Bill sat sipping Tim Horton’s Coffee and talking to a fellow trooper on the citizen band radio about their men’s league hockey team that was taking a trip to Calgary to play against other police teams from all over Canada and the United States. The team to beat were the Mounties from near Edmonton. They had won the tournament three years in a row. This year, Bill’s team got some fresh blood. Two young rookies just got done playing in the Ontario Hockey League and were more than capable of helping the Ottawa OPP.
Coming off the bridge that leads from Hull, Quebec to Ottawa, Ontario was the black Citroen. The Citroen’s wheels screeched as Etienne cornered. It was on Queen Elizabeth Street that Etienne cornered too fast and slammed head on into a lamppost. Bill had followed the screeching Citroen with Quebec plates, ever since the bridge. Etienne sat banging his head on the steering wheel of his car that was cleaved right up the center of the car. Etienne was able to start the car again. He put it in drive, thinking that he was in reverse and knocked the lamppost down onto two other parked cars. One of the parked cars had just some dents on the hood but the second one had the ornamental head of the lamp, resting on the front seat of the sedan after it had ripped through the windshield. Etienne got out of his car and kicked and punched as he swore in French. Unbeknownst to him, Bill walked up and flashed a light in Etienne’s eyes. Bill spoke first.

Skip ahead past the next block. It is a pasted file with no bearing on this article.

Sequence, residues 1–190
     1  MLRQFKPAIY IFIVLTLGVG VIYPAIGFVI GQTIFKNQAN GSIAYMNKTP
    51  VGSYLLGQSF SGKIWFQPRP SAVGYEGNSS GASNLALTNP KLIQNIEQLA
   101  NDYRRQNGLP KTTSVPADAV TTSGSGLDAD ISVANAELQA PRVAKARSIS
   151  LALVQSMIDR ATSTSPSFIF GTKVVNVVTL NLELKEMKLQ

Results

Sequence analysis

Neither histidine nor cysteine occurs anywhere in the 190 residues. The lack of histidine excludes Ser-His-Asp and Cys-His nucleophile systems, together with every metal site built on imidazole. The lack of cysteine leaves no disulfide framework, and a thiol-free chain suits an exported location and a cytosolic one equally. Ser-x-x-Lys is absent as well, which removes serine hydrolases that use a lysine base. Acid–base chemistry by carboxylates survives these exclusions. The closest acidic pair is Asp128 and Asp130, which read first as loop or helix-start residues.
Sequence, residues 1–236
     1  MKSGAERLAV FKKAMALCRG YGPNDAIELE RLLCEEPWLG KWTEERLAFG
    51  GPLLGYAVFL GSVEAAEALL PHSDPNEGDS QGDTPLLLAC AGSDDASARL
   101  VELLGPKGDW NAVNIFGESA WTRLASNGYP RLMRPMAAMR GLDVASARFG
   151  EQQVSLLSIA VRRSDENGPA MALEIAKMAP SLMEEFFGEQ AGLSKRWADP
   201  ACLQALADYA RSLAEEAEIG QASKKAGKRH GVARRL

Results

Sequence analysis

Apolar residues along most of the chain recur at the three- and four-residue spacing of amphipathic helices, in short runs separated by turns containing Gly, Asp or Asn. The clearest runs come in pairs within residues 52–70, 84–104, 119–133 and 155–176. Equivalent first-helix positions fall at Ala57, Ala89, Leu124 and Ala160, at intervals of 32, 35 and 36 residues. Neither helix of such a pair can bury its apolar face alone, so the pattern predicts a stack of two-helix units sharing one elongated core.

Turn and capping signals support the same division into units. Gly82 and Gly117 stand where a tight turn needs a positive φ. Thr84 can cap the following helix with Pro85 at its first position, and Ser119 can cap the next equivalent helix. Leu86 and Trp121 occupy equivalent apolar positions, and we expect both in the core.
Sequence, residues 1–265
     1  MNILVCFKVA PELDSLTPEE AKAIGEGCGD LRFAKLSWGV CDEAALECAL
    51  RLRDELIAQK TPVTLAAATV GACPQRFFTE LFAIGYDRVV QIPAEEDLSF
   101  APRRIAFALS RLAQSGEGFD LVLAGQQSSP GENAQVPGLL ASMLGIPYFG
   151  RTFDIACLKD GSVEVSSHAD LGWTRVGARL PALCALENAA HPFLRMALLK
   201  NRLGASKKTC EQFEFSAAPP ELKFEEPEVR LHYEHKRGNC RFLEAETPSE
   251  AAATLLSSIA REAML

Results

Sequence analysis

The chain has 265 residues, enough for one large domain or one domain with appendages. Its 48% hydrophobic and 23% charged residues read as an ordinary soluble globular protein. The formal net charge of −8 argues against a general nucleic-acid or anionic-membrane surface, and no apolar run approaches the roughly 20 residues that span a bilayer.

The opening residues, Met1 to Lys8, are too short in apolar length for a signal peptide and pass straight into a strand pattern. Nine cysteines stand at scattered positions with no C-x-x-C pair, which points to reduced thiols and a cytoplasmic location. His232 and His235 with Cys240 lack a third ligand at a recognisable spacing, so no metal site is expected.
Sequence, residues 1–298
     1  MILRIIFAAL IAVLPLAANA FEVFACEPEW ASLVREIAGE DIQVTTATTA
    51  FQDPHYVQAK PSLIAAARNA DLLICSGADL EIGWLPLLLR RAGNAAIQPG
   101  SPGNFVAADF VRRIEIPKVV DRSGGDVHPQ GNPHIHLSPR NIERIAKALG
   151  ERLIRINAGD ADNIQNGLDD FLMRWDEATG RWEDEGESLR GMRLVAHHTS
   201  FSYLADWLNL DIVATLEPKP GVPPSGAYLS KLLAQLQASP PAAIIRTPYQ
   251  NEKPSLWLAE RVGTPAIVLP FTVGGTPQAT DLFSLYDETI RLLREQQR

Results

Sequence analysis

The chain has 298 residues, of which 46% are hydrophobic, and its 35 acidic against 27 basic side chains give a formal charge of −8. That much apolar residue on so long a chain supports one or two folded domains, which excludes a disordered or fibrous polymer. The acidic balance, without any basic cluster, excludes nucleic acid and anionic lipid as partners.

“Sir… Don’t move. I want to hear from you what just happened,” commanded Bill.
“What happened? I will tell you what appened… We lost our chance to be our own nation by less than one percentage point. Eef we aad won dee referendum, ah would not be eer raht now speaking to ahn English speaking cop een fucking Ottawa… Fucking dumb English prick,” said an inebriated Etienne, while staring at the light of the flash light.
“Sir, I need to know why it is that you were driving so fast that you lost control of your vehicle. Calling me names is not going to help you right now, eh? I need to see your driver’s license…”